a communication management function configured to switch the aircraft communication system into a gateway mode when the wireless network transceiver has established the connection with the wireless network, wherein the communication management function is configured to, in response to the connection with the wireless network being established, use the wireless network transceiver to send a register message and topology information to a route computing system, wherein the register message and topology information are sent via the wireless network and a terrestrial network that is in communication with the wireless network, and wherein topology information maintained by the route computing system is dynamically updated based on the topology information sent from the aircraft; and
wherein the communication management function is configured to, in response to the connection with the wireless network being established, use the communication transceiver to advertise to other aircraft in the associated ad-hoc air-to-air communication network that the advertising aircraft is available as a gateway node between the associated ad-hoc air-to-air communication network and the wireless network.
9. The system of claim 8
, further comprising:
a surveillance transceiver: and
surveillance equipment in communication with the surveillance transceiver, the surveillance equipment and the surveillance transceiver used at least in part by the communication management function to determine the topology of the associated ad-hoc air-to-air communication network.
10. The system of claim 8, wherein the communication management function is further configured to encapsulate downlink messages with protocol specific addresses and extracting messages from uplink messages having protocol specific addresses.
11. The system of claim 8, wherein the communication management function is configured to implement optimal route algorithms to direct messages to select aircraft in the associated ad-hoc air-to-air network.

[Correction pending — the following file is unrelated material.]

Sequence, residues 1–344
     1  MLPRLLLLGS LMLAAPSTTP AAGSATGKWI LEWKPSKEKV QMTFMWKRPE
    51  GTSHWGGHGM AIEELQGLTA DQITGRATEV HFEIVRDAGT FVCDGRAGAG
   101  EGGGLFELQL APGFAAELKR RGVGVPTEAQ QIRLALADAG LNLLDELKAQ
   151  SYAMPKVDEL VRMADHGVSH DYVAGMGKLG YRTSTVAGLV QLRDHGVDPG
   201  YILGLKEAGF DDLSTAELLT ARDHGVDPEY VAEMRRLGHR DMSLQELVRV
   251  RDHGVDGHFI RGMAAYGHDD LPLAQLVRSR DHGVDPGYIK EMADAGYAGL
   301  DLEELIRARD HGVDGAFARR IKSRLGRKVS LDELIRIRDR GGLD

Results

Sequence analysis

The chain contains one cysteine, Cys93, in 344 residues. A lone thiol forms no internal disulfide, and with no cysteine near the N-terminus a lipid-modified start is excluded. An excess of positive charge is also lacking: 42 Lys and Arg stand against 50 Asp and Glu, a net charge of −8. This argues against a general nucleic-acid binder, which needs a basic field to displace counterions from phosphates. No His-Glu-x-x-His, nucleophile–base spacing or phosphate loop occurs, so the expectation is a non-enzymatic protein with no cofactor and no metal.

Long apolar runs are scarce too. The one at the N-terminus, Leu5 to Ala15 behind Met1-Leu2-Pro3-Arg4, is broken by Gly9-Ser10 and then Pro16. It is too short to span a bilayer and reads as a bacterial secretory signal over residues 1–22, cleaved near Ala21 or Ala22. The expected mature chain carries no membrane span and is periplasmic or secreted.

12. A communication system comprising:
a ground station controller in communication with at least one wireless network; and
at least one ad-hoc air-to-air communication network, each ad-hoc communication network made up of a plurality of aircraft in communication with each other, at least one of the plurality of aircraft within the radio range of the wireless network being designated as a gateway to the ad-hoc air-to-air communication network, each gateway including,
a communication transceiver configured to communicate messages between aircraft,
a wireless network transceiver configured to communicate with the wireless network, and
a communication management function configured to switch the aircraft communication system into a gateway mode when the wireless network transceiver has established the connection with the wireless network;
wherein the communication management function is configured to, in response to the connection with the wireless network being established, use the wireless network transceiver to send a register message and topology information to the ground station controller, wherein the register message and topology information are sent via the wireless network and a terrestrial network that is in communication with the wireless network, and wherein topology information maintained by the ground station controller is dynamically updated based on the topology information sent from the aircraft; and
wherein the communication management function is configured to, in response to the connection with the wireless network being established, use the communication transceiver to advertise to other aircraft in the ad-hoc air-to-air communication network that the advertising aircraft is available as a gateway node between the ad-hoc air-to-air communication network and the wireless network.
13. The system of claim 12
, further comprising:
a memory coupled to the ground station controller configured to store received topology information regarding the ad-hoc air-to-air communication networks, the ground station controller further configured to determine routes for messages based on the stored topology.
14. The system of claim 13, wherein the ground station controller is further configured to update the stored topology associated with the ad-hoc air-to-air communication network when a more current topology of the ad-hoc air-to-air communication network is received.
15. The system of claim 12, wherein the communication management function is further configured to encapsulate downlink messages into protocol specific messages for transmission by the wireless network transmitter and extract uplink messages from protocol specific messages received by the wireless network transmitter.